How could the GR Corolla not be great? It is a widebody hatchback with a 300 horsepower inline three that is mated to an advanced four-wheel drive system. It’s the kind of raw car we’ve longed for since the WRX STI hatch went out of production. More hot hatches are always a good thing, and one like that – backed by heavy investment from Toyota – is really great.
There’s just one problem: this isn’t the Toyota hot hatch we were looking for. The rest of the world will get the GR Yaris, a supermini homologation specifically designed to allow Toyota to use a small three-door hatchback in the World Rally Championship. The homologation Yaris essentially shares nothing but badging with the five-door Yaris, one of the best-selling small cars in the world.
The American community’s initial outburst of longing for the GR Yaris was enormous. When the car was announced, petitions immediately surfaced to tell Toyota there was a market for the GR Yaris in America. Admittedly, petitions like this are largely meaningless. Wanting something is one thing, writing a check for it when it comes in is another. Toyota could have ignored it and been fine. Still, the company took it seriously and announced that it would indeed bring a GR-brand hot hatch to the US. Just not the Yaris.
Of course, B-segment vehicles — the class of small cars that the Yaris is a part of — aren’t as popular in the United States. The last Yaris we got in the US was a Mazda2 with rebadges, a car that is completely different from the Yaris available in the rest of the world. Most other cars in that segment, such as the Ford Fiesta, Honda Fit, Chevy Sonic and the Mazda2 itself, have long since left our market due to a lack of sales. That means we won’t get the beautiful Fiesta ST anymore, and it also means that the GR Yaris was never a lock to come to the US.
Still, in an interview with R&T, Jack Hollis, Senior Vice President Automotive Operations at Toyota Motor North America said, “When you say ‘Have we considered? [the GR Yaris]† we consider everything† It was just that we knew GR Corolla would fit our market… Doesn’t mean the GR Yaris couldn’t come here eitherit’s just that GR Corolla is what we’re committed to.”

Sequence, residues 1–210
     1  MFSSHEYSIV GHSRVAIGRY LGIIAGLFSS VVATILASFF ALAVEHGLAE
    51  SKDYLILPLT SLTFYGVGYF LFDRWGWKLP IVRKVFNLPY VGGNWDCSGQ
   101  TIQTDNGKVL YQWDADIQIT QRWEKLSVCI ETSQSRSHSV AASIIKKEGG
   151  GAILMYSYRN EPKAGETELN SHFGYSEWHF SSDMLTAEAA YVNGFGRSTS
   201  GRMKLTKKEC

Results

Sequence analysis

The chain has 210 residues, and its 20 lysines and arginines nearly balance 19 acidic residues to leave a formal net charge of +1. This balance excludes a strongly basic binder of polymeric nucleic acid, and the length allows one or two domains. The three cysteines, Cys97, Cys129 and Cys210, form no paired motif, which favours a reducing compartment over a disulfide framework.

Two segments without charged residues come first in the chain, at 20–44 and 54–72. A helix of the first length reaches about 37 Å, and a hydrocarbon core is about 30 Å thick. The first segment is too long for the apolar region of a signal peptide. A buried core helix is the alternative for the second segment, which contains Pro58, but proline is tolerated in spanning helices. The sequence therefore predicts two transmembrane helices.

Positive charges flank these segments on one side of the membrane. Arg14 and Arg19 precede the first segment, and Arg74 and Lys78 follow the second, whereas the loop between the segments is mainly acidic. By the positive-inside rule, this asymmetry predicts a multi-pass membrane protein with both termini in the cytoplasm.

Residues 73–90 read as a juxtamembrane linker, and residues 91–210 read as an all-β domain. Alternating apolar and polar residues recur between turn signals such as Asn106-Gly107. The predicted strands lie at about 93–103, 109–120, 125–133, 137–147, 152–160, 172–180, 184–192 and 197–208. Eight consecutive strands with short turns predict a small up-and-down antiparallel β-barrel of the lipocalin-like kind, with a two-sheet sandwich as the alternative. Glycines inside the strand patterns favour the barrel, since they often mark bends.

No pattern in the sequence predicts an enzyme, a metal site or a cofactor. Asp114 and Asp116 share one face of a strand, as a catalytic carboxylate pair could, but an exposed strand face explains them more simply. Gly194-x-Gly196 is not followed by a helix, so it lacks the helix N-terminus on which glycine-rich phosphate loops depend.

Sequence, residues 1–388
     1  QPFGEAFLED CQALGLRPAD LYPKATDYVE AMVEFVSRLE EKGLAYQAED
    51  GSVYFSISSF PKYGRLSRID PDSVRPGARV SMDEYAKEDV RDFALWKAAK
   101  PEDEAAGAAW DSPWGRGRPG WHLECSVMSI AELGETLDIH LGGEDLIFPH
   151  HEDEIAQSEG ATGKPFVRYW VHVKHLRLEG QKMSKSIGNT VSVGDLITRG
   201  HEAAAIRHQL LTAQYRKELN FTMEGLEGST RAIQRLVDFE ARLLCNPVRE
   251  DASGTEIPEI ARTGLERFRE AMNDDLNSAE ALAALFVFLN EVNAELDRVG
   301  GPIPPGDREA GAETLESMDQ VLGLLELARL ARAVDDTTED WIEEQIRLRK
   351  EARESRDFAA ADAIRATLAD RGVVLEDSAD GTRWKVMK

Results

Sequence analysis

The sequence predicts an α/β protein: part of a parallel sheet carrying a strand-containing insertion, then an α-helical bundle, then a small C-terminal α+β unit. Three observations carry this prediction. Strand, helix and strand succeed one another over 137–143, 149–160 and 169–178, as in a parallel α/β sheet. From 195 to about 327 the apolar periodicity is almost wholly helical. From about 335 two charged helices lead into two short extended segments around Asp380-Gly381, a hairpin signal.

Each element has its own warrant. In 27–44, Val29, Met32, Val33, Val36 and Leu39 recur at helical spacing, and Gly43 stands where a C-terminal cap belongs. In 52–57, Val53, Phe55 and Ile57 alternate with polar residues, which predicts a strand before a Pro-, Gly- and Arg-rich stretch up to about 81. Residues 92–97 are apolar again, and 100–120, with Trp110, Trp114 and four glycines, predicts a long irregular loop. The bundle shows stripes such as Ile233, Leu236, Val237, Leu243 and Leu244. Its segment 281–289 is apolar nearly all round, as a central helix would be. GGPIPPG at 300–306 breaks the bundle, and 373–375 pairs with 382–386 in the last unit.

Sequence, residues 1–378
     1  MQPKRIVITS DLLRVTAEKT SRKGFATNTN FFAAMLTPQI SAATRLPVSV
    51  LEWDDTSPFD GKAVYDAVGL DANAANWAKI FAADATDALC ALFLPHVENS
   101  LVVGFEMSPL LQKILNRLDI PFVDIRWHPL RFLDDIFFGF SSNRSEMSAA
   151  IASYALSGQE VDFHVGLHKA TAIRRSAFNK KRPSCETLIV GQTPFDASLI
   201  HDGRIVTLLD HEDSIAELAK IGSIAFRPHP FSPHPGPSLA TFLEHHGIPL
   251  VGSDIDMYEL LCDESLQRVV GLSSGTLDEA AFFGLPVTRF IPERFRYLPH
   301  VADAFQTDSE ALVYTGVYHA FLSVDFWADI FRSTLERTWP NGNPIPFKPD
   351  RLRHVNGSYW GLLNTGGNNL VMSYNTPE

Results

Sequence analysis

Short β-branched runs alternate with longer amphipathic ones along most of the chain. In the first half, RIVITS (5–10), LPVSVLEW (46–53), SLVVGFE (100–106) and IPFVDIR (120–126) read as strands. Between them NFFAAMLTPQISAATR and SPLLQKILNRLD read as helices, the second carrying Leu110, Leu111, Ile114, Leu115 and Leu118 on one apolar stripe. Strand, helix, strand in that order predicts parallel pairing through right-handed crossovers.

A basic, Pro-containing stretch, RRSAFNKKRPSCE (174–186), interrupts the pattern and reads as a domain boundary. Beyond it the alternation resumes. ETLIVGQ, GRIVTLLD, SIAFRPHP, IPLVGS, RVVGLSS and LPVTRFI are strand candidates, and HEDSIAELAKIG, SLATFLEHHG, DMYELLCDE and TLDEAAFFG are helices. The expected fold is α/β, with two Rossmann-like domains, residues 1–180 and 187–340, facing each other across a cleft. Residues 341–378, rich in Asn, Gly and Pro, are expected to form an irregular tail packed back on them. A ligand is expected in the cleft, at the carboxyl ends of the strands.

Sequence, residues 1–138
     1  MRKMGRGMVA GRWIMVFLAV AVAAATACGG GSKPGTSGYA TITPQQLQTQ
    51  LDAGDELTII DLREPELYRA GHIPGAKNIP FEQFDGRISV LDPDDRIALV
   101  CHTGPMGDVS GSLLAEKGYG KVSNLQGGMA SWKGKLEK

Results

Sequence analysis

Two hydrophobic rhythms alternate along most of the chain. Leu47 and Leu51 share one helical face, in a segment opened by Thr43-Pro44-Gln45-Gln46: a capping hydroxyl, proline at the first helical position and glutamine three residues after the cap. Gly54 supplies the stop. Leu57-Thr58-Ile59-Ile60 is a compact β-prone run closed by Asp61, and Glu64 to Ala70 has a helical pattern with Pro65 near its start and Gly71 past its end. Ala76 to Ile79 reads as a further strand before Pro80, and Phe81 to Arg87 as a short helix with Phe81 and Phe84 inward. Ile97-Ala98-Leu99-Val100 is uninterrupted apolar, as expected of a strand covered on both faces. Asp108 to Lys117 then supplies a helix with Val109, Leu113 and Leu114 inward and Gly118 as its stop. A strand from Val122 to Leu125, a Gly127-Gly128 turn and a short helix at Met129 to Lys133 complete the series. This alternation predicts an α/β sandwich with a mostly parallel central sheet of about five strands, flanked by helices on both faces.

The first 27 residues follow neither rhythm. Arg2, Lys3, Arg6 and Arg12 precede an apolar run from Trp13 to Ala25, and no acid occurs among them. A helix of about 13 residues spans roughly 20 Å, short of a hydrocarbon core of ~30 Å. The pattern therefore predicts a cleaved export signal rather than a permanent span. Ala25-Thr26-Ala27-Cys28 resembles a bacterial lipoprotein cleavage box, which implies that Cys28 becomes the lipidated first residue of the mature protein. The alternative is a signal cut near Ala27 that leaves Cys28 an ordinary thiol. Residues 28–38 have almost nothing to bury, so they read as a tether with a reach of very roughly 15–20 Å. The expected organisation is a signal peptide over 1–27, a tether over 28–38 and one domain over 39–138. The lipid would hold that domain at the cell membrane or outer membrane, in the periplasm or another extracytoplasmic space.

Emphasize mine. While the Yaris was never a lock to come to America, Toyota could have brought the car we’d all been asking for little hatch nutjobs for. But Toyota was committed to the Corolla instead. We’re missing something.
The GR Corolla version of the G16E-GTE inline-three has 32 horsepower more than the Yaris to make up for its extra bulk and weight. The Corolla’s bodywork has been reworked to look more aggressive. It uses the same advanced drivetrain, as the GR Yaris also rides on the Corolla platform, which gives the Yaris that stocky, aggressive stance. The GR Corolla is even built at the Motomachi factory, just like the GR Yaris. Motomachi produces Toyota’s most ambitious products, such as the Mirai with hydrogen fuel cells, the electric bZ4x, the luxury car Crown, the tiny city car C+pod, the Noah and Voxy vans and the two GR hatchbacks.
Toyota, as one of the world’s largest and most profitable automakers, can build cars such as the LC, GR Yaris and Mirai as exhibits for its technology, design and engineering. While they won’t necessarily be the biggest money makers, they show Toyota’s might and brag about others in the industry. Building the GR Corolla at Motomachi shows how serious the company is that this isn’t a Corolla hatch with a heated drivetrain and badging it doesn’t deserve.
Still, there’s something about the Yaris that the Corolla lacks. First, the size. The last fast car we had in this segment was the front-wheel drive Fiesta ST. The Yaris has no less than 70 hp more and is four-wheel drive. Second and foremost, the GR Yaris is a true homologation special, an essentially new car that shares a Yaris badge, allowing Toyota to legally use a three-door hatchback in the World Rally Championship. Homologation specials used to be quite common, with manufacturers building road cars so they could race a unique race car. Now manufacturers are modifying road cars to compete. No other team in the World Rally Championship had to build an entirely new version of a car to compete. Look at the GR next to a normal Yaris. The essence is there, but it is lower, wider and more focused.
On the other hand, while the Corolla’s engine and drivetrain are innovative and fantastic and stemmed from motorsport, the idea isn’t exactly new. There have been similarly sized hatches and sedans with small turbo engines, manual transmissions and four-wheel drive on our market for over two decades. The GR Yaris feels fresh and exciting, a new idea and a model with a unique story among the cars on sale today. The GR Corolla has things we love, but knowing it doesn’t the car hurts.
None of this is to say that the Corolla is bad. Toyota owed us nothing and had no real reason to make the GR Corolla other than that they wanted to. But Akio Toyoda himself called the GR Yaris a real Toyota sports car and broke all of his company’s own rules to build it. It has a unique story that shares no parts or engineering with BMW or Subaru. It’s a shame that Toyota’s best example of homologation engineering and Akio Toyoda’s pet project isn’t getting a chance on American roads.
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